Mentor/TSS 2013 Grads: The Skills To Get Through

I attended the University Fair this past Tuesday and in speaking with a parent afterwards, the discussion turned to university admissions and marks.

The question comes up most often with families who have been with us for a long time and usually when the students are in Grade 8 to 10. The argument we hear is that if the students go to another school, they will get higher marks.

If the final grade is the only thing that matters, we have a list of private schools where we know you can “pay for an A”. In my opinion, though, this sets the student up at university for either failure (you might need to put aside some additional cash for a 5th year, perhaps) or for a continued use of loopholes to get the required grades.

I think the numbers associated with the Mentor College and TSS Class of 2013 help to illustrate the point that our students earn the grades required for post-secondary education. There were 148 graduates last year and of those students, 146 of them were offered admission to at least one post-secondary programme. For those who say that it is difficult to get an “A” at our schools, please note that 85.1% of our graduating Mentor/TSS students were “Ontario Scholars” (minimum 80% average). I could give you a long list of where those kids are studying and what programmes they are taking but for those who believe that you can only get to college or university with an 80% average, here is what the grads with 79.9% and less are doing this year:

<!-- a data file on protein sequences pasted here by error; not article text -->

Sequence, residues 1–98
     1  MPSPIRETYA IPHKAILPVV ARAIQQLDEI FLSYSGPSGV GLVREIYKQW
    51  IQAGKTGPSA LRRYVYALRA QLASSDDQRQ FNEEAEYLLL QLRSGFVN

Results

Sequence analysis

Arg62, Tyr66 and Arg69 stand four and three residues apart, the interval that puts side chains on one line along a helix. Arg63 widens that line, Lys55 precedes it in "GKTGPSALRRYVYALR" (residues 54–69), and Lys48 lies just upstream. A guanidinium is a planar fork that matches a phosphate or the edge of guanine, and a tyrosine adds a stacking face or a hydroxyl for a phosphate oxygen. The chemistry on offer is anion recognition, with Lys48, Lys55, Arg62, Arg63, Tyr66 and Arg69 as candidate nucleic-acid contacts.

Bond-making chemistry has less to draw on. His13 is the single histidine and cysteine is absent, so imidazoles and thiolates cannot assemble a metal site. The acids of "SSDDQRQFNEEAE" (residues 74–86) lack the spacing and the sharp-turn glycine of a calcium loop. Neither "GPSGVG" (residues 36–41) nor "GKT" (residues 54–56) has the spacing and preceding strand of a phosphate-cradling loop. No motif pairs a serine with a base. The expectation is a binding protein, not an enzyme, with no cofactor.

TSS Grads – Sheridan (Arts and Sciences), Humber (Business), Sheridan (Journalism), Humber (Travel and Tourism) and one student who did not apply to college this year (but plans to in 2014).

Mentor Grads – York University (Accounting), Toronto (Psychology), McMaster (Life Sciences), Wilfrid Laurier (Communications), Toronto (Criminology), Southern Connecticut (Exercise Science), McMaster (Humanities), McMaster (Social Sciences), Toronto (Life Sciences), Wilfrid Laurier (Criminology), Ottawa (Business) and one student who did not apply to university (but plans to in 2014).

I am confident that these students will be in the top half of their first year classes because in high school, they put in the required work and have the tools to succeed. As we always say, it isn’t marks to get INTO post-secondary education but it is the skills to get THROUGH post-secondary education that matter!

Chris Starkey
Administrative Principal
Mentor College / TEAM School

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